Commerzbank AG, the German bank that got 18.2 billion euros ($23.8 billion) in state aid, reported a loss for the second consecutive quarter after booking costs associated with firing staff.
The net loss of 94 million euros in the first three months of the year compared with a profit of 355 million euros a year earlier, the Frankfurt-based bank said in a statement today. That beat the average estimate for a 153.7 million-euro loss of seven analysts surveyed by Bloomberg as the lender’s corporates and markets unit boosted earnings.
Chief Executive Officer Martin Blessing is reducing employees across the firm and asking shareholders to contribute to a 2.5 billion-euro capital increase to repay the German government and insurer Allianz SE. Blessing said today that the reorganization will start bearing fruit in 2014 as the bank sees revenue pressure, higher provisions and costs this year. He hasn’t paid a dividend since the financial crisis.
“The company is essentially doing the right things given the circumstances,” Otto Waser, chief investment officer at Research & Asset Management AG in Zurich, said in an interview with Bloomberg Television, adding that he’s uncertain about the quality of Commerzbank’s assets and capital position. “This is a difficult story.”
Commerzbank rose 1 percent to 10.92 euros by 10:09 a.m. in Frankfurt trading, valuing the company at 6.4 billion euros. The stock has slumped 24 percent this year compared with an 8.4 percent gain in the 40-member Bloomberg Europe Banks and Financial Services Index. Five capital increases since 2008 have erased more than 93 percent of the bank’s share price, making it the worst performing financial company in Europe outside of Ireland and Greece.
In addition to cutting as many as 6,000 jobs by 2016, Blessing, appointed five years ago, is shutting unprofitable shipping and real estate units to help reverse the company’s fortunes. Commerzbank said it booked a 493 million-euro charge in the first quarter for restructuring such as cutting staff.
The bank made “considerable progress in the consistent reduction of our non-strategic activities,” Blessing said in the statement. “The clear focus this year lies on the implementation of the strategic agenda. The positive effects from this should increasingly become visible from the coming year onwards.”
Operating profit at the corporate clients unit, known as the Mittelstandsbank, fell 33 percent to 325 million euros on lower revenue and higher loan-loss provisions. The private customers unit saw earnings slump 49 percent to 70 million euros as revenue fell and provisions rose. The corporates and markets division reported a ninefold jump in operating profit to 271 million euros as the market environment improved and customer activity increased. The company also booked a gain of 25 million euros at the securities unit related to the valuation of its own debt.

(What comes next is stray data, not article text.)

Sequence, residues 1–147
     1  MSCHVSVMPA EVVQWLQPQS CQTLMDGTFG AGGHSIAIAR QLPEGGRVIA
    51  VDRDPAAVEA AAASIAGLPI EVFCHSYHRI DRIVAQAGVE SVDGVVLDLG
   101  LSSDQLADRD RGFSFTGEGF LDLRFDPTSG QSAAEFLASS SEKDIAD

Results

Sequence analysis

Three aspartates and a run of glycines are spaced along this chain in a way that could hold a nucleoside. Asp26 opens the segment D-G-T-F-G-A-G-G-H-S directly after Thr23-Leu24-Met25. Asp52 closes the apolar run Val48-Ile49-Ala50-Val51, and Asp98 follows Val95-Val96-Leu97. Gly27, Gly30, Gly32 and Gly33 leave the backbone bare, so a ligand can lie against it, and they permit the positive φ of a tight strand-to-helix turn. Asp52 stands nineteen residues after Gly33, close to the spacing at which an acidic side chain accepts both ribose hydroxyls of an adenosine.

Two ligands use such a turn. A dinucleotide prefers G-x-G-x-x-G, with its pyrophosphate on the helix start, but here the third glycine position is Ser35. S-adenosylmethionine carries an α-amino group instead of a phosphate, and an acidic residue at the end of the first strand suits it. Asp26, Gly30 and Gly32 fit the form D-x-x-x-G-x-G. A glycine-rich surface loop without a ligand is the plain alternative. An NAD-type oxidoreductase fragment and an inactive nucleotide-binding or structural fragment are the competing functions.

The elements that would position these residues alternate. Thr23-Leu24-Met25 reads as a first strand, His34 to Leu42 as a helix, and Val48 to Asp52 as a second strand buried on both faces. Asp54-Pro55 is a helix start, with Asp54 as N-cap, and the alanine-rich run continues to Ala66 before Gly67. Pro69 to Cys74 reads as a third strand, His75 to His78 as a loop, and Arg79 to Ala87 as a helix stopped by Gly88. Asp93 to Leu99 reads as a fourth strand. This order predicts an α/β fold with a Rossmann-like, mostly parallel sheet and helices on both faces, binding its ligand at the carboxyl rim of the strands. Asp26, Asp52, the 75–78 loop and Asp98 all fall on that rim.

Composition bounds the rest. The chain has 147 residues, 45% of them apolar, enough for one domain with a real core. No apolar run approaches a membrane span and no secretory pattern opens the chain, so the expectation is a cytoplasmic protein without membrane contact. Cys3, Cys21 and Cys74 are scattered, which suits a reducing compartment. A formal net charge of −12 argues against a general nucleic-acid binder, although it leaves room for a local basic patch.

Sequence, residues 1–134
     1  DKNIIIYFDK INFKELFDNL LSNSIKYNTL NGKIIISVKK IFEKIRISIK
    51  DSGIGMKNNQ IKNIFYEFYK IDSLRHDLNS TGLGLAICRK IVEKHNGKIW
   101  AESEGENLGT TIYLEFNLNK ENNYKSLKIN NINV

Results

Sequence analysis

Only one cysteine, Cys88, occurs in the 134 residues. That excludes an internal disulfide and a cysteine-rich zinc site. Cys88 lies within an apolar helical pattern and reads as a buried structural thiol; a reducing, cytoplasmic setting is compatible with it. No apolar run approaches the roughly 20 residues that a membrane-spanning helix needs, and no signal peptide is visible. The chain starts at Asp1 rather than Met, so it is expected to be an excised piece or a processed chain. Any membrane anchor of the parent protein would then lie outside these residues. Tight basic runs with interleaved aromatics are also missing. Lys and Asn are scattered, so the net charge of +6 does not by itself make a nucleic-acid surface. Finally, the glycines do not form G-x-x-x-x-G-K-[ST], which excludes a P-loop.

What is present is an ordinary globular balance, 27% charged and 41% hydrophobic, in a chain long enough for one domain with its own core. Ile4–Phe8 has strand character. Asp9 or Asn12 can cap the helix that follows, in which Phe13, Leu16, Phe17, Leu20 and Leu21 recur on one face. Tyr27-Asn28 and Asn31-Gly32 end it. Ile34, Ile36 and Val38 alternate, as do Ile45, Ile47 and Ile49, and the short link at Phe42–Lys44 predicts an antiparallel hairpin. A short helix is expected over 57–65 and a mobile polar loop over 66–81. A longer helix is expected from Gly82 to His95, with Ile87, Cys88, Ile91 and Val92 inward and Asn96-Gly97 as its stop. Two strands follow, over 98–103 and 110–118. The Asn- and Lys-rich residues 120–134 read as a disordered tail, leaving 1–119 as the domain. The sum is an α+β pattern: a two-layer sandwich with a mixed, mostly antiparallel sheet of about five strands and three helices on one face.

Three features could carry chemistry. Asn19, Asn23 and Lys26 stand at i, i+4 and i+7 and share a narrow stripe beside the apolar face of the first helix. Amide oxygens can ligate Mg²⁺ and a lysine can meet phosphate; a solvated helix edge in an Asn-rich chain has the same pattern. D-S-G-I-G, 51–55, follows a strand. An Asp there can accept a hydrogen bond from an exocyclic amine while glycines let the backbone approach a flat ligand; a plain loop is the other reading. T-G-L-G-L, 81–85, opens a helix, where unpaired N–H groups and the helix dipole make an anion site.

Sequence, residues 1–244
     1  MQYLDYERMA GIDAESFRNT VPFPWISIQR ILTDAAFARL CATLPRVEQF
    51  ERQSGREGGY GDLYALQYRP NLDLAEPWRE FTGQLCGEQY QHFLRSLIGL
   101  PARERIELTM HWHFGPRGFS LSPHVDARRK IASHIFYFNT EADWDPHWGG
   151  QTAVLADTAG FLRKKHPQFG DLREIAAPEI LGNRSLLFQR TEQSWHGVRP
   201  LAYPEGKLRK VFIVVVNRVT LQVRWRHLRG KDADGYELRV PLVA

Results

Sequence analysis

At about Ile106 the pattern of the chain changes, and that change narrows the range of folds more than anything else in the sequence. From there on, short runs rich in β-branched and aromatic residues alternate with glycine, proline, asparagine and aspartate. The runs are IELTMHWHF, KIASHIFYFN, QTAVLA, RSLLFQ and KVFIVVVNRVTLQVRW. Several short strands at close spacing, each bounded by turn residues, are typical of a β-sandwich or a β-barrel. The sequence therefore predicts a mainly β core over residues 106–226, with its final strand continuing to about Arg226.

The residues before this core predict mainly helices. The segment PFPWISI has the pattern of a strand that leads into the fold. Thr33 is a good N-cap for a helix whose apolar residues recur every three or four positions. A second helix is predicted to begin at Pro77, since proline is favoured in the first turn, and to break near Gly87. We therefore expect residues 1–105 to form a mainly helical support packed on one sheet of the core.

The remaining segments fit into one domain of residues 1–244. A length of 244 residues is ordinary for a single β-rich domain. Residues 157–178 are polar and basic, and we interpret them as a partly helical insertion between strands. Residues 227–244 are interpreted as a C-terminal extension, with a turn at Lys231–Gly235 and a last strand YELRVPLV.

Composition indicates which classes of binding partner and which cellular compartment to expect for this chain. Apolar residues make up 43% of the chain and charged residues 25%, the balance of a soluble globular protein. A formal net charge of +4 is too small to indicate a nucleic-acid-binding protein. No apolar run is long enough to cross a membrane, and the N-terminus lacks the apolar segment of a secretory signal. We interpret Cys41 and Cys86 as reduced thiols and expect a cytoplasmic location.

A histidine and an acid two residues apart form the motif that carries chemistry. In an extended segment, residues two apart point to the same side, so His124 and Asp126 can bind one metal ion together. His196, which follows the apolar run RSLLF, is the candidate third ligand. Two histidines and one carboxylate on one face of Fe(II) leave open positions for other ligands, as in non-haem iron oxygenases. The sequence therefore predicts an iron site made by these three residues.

“The drastic decline in earnings at the Mittelstandsbank is disappointing as this is the business that people own Commerzbank for,” said Dirk Becker, a Frankfurt-based analyst at Kepler Cheuvreux with a reduce rating on the stock. “Commerzbank managed to build up an investment banking business that works for them, but that’s not a reason to buy the shares.”
The firm’s non-core assets unit, where it bundles public and commercial real estate and ship financing, had an operating loss of 87 million euros, compared with a loss of 454 million euros in the first quarter of 2012. Total non-core assets were lowered by 7.3 billion euros since the end of 2012 to about 143 billion euros.
Angry shareholders criticized Blessing at an annual general meeting on April 19, saying their investments had all but evaporated. Several called on the management to resign. Blessing’s predecessor Klaus-Peter Mueller, who made investments in property and shipping that later turned sour, is still employed by the bank as chairman of the supervisory board, responsible for overseeing operations and making changes to the executive board.
“Capital is improving with the proposed rights issue, but the ensuing dilution further pressures earnings,” Francesca Tondi, an analyst at Morgan Stanley in London who has an underweight recommendation on the stock, said in an e-mailed report before the earnings were released. “There is a large de-leveraging still to execute.”
The company’s common equity ratio under fully applied Basel III capital rules, a benchmark measure of financial strength, was 7.5 percent compared with 7.6 percent on Dec. 31, it said. Commerzbank is using the capital increase to boost this ratio by about 1 percentage point and help it reach a target of 9 percent by the end of 2014.
Shareholders will be able to subscribe to the new shares from mid-May to early June, according to Commerzbank.